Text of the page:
and exhausted even the largest editions that could be printed. A source of continual astonishment was the number of copies of the magazine found among the boys in France; it became the third in the official War Department list of the most desired American periodicals, evidently representing a tie between the boys and their home folks. But all these war features, while appreciated and desirable, were, after all, but a side-issue to the more practical economic work of the magazine. It was in this service that the magazine excelled, it was for this reason that the women at home so eagerly bought it, and that it was impossible to supply each month the editions called for by the extraordinary demand.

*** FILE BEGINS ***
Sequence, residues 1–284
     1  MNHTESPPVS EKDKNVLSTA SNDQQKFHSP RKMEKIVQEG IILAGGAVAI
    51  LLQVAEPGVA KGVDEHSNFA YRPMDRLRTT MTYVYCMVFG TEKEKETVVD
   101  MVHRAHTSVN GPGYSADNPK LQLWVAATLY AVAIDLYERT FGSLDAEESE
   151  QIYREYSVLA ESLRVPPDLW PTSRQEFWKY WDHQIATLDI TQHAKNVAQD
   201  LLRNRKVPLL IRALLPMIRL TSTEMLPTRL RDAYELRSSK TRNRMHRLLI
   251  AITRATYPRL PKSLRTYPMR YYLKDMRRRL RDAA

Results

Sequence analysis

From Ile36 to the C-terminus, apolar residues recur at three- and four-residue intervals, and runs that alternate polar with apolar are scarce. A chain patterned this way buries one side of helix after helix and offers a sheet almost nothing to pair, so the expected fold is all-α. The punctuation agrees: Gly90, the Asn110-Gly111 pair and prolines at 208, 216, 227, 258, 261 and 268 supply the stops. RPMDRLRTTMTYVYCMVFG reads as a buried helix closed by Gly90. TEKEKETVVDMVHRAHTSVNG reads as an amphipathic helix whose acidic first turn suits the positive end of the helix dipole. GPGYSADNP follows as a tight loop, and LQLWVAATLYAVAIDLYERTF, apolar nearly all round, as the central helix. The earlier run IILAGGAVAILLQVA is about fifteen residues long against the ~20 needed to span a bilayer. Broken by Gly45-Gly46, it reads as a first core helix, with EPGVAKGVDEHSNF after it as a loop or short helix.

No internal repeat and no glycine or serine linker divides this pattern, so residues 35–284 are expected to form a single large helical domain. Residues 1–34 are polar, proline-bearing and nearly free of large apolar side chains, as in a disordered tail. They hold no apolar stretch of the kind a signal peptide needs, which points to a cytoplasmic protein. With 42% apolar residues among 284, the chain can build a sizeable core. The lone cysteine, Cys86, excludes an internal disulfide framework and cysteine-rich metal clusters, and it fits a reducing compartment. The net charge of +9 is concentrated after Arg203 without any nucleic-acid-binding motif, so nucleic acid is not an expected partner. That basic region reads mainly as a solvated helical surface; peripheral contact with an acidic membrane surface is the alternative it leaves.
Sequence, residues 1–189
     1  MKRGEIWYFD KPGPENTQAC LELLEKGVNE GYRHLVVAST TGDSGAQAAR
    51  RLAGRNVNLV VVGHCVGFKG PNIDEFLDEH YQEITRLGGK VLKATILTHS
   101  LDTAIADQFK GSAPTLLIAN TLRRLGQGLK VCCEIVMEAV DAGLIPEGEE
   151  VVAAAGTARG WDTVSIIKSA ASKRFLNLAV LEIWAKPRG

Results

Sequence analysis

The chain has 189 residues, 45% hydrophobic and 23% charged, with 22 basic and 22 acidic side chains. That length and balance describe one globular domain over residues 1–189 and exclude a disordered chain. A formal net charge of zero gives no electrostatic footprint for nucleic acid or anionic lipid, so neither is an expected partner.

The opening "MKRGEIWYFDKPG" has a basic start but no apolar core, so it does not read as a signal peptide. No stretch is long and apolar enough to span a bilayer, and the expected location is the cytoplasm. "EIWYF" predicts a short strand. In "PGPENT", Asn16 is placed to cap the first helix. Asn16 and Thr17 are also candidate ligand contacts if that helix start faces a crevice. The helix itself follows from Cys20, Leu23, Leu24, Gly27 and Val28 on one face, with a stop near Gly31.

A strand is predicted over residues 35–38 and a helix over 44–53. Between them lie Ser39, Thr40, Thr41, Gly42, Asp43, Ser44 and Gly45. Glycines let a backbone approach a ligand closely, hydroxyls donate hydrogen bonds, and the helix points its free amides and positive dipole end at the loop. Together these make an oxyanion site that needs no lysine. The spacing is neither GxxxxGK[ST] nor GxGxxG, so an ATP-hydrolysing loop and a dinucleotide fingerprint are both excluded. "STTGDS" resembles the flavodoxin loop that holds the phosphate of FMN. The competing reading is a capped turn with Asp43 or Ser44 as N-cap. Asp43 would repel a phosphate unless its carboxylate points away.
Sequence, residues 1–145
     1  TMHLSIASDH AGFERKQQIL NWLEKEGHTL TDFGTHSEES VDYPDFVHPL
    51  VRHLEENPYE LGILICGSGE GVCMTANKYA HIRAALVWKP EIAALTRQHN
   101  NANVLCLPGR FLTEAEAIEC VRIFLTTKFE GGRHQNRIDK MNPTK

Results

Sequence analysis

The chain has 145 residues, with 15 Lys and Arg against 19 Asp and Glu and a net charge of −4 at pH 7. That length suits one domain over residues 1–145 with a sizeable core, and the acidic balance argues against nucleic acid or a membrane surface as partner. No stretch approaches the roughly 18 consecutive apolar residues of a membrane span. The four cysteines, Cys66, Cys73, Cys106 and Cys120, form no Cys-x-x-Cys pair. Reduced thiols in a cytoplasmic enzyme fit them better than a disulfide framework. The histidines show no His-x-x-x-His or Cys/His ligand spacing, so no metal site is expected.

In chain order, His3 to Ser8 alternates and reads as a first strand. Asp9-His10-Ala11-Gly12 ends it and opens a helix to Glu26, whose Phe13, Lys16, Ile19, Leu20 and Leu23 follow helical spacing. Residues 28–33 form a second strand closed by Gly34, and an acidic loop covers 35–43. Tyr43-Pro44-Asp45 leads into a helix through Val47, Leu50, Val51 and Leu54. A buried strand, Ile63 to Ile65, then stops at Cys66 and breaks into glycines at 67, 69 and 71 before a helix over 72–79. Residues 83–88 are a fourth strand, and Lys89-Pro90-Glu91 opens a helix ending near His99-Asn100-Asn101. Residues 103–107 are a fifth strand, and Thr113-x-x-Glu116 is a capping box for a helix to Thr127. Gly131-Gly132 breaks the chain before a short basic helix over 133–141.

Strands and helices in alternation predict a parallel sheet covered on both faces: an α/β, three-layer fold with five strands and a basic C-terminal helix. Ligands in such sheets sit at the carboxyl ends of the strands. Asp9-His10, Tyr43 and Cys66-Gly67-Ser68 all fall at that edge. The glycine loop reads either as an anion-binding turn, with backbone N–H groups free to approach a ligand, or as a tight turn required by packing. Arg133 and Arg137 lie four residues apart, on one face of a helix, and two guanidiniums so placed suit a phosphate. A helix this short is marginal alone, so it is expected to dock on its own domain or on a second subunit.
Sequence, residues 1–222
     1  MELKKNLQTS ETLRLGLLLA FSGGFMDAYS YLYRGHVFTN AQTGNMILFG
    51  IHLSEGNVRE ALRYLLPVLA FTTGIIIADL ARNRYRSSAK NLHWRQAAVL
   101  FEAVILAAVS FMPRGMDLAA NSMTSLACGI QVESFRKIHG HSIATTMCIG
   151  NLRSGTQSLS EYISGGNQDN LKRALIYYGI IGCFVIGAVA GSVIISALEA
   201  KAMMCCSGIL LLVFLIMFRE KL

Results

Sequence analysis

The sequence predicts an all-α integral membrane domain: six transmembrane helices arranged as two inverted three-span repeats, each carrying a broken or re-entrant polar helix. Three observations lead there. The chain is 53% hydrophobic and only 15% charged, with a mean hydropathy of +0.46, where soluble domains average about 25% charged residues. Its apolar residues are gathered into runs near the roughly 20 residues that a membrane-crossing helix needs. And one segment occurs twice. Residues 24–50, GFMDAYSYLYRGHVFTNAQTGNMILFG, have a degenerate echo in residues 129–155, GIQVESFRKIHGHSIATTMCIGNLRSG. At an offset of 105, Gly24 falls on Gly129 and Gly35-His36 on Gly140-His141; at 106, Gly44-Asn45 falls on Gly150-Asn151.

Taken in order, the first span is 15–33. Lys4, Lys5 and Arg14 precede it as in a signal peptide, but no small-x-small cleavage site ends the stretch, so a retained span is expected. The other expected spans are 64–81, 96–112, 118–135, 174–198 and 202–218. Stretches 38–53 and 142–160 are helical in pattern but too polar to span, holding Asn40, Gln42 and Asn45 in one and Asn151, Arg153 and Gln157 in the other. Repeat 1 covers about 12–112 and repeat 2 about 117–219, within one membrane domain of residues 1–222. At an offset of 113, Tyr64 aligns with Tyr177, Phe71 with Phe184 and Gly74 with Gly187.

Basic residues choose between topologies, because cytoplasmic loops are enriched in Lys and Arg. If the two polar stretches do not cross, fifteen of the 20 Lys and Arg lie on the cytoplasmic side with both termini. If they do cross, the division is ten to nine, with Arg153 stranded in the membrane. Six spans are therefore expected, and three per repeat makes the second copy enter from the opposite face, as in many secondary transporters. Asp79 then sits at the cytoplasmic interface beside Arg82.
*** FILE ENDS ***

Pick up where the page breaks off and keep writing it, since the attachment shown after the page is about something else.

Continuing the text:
Considering the difficulties to be surmounted, due to the advance preparation of material, and considering that, at the best, most of its advance information, even by the highest authorities, could only be in the nature of surmise, the comprehensive manner in which The Ladies Home Journal covered every activity of women during the Great War, will always remain one of the magazines most noteworthy achievements. This can be said without reserve here, since the credit is due to no single person; it was the combined, careful work of its entire staff, weighing every step before it was taken, looking as clearly into the future as circumstances made possible, and always seeking the most authoritative sources of information.
Bok merely directed. Each month, before his magazine went to press, he sought counsel and vision from at least one of three of the highest sources; and upon this